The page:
War of the Rebellion: Serial 115 Page 0860 PRISONERS OF WAR, ETC.

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WASHINGTON, October 24, 1861.

I have know Mr. George F. Harbin, who is now held as a political prisoner, for several years. I have during this time been the medical attendant of the family. He is very young and may have been indiscreet, but I should be loath to think he has done any disloyal act will-fully. His sisters are most excellent ladies, and while I have never exchanged a word on the political questions of the day with the young man I have with his sisters, and that too early in the spring, and I have never heard a disloyal sentiment or word from them.

S. A. H. McKIM.


Washington, D. C., October 25, 1861.

Honorable WILLIAM H. SEWARD, Secretary of State.

DEAR SIR: I understand my case is before you for investigation. Not having a chance to defend my case I have thought it would be well to adopt the following, viz:

The charges against me as I understand are as follows: That I have been engaged in ferrying persons to and from Virginia, carrying arms and ammunition to Virginia: that I kept a horse and carriage to convey persons to and from my place; that I had been to Virginia myself and when arrested I had a double-barrel gun was left with me until the owner called for it. I knew nothing of its charge until it was discharged in my presence after my arrest. I understood that troops were scouring the counties and making arrests, and I as well as many others went to Virginia to escape arrest. Hearing the troops had left I returned home. I had never taken up arms and never intended so to do. The horse and carriage was left with me by a man by the name of McKenny who said he belonged in Washington. He brought with him in said carriage five runaway negroes which belonged in Virginia to a man--I forget his name. Said negroes were released from prison in Washington by order of, as McKenny said, General Mansfield or General Scott, which of the two I have forgotten. The horse and carriage were to remain with me until he (McKenny) returned from Virginia. If there were arms or ammunition carried to Virginia I have no knowledge of the same.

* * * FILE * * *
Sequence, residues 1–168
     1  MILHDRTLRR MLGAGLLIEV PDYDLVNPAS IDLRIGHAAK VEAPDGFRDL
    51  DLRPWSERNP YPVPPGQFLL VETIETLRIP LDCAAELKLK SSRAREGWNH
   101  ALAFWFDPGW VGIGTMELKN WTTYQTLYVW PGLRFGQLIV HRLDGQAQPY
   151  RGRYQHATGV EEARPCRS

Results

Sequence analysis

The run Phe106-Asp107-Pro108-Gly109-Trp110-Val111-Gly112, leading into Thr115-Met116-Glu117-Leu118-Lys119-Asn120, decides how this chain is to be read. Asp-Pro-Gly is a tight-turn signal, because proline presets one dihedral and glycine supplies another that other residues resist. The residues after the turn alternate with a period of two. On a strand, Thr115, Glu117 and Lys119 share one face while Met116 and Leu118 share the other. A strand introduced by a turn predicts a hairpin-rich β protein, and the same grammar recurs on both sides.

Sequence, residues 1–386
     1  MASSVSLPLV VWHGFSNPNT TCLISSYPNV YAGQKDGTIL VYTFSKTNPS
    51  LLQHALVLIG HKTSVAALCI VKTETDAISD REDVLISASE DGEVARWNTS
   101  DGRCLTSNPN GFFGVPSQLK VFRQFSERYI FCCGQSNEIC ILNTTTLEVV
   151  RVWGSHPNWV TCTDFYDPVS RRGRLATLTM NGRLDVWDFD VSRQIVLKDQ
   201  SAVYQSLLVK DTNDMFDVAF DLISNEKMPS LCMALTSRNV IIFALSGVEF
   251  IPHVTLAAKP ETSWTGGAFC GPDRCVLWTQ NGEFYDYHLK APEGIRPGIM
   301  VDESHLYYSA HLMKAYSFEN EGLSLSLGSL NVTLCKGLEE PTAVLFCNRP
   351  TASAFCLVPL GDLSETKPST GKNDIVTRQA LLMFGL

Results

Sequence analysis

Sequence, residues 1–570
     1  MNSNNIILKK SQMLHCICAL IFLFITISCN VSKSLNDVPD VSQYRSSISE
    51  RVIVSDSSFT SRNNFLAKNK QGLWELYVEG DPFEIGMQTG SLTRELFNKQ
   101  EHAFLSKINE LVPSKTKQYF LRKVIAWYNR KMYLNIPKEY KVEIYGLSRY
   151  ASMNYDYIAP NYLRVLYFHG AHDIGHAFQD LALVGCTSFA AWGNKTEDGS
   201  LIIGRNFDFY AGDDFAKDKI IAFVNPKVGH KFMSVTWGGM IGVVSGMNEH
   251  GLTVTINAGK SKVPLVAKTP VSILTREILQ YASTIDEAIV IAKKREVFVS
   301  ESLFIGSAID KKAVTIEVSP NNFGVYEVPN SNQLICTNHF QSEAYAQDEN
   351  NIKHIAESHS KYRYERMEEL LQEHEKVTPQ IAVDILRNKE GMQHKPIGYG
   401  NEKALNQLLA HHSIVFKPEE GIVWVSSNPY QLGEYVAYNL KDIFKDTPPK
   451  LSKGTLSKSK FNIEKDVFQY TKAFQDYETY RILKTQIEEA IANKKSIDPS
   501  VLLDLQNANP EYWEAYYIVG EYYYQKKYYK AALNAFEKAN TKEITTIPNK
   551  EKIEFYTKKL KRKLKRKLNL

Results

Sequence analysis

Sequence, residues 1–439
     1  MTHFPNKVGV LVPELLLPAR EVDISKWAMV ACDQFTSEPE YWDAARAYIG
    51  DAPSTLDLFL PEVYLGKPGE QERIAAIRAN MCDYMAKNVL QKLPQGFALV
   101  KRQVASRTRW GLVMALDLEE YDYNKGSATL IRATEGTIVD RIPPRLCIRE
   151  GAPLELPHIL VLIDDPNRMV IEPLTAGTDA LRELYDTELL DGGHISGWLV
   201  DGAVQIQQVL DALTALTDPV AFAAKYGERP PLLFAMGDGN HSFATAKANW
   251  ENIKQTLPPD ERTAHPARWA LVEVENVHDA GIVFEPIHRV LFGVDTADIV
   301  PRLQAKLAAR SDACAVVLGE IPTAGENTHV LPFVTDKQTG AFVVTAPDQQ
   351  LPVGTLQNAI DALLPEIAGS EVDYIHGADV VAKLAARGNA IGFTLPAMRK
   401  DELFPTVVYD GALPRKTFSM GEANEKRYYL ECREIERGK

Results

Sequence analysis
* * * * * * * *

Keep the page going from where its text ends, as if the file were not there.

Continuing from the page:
I do not deny but I have carried some persons across the river to Virginia. I carried several families of mothers and children to Virginia whom they said had husbands living there. Some of them said they had passes but I did not see them. I carried men also. I never inquired their business. I had not carried any person to Virginia for some two or three weeks before I went there myself.

I further understand that I am charged with carrying horses across the river which is certainly as false a charge as any man ever was charged with. After losing two very valuable boats by the Government I repaired a small-bottom boat for my express use; that is to say fishing and crabbing. Persons frequently came to me after said boat was repaired to get me to carry them to Virginia. I positively refused upon the ground that I had her repaired for my own purpose and if I attempted it I would lose her. A great part of the work was done by free negroes which is known to be a fact; and furthermore every man on the Potomac River that had a boat has been guilty of the same offense charged against me. Where there was a boat there was no use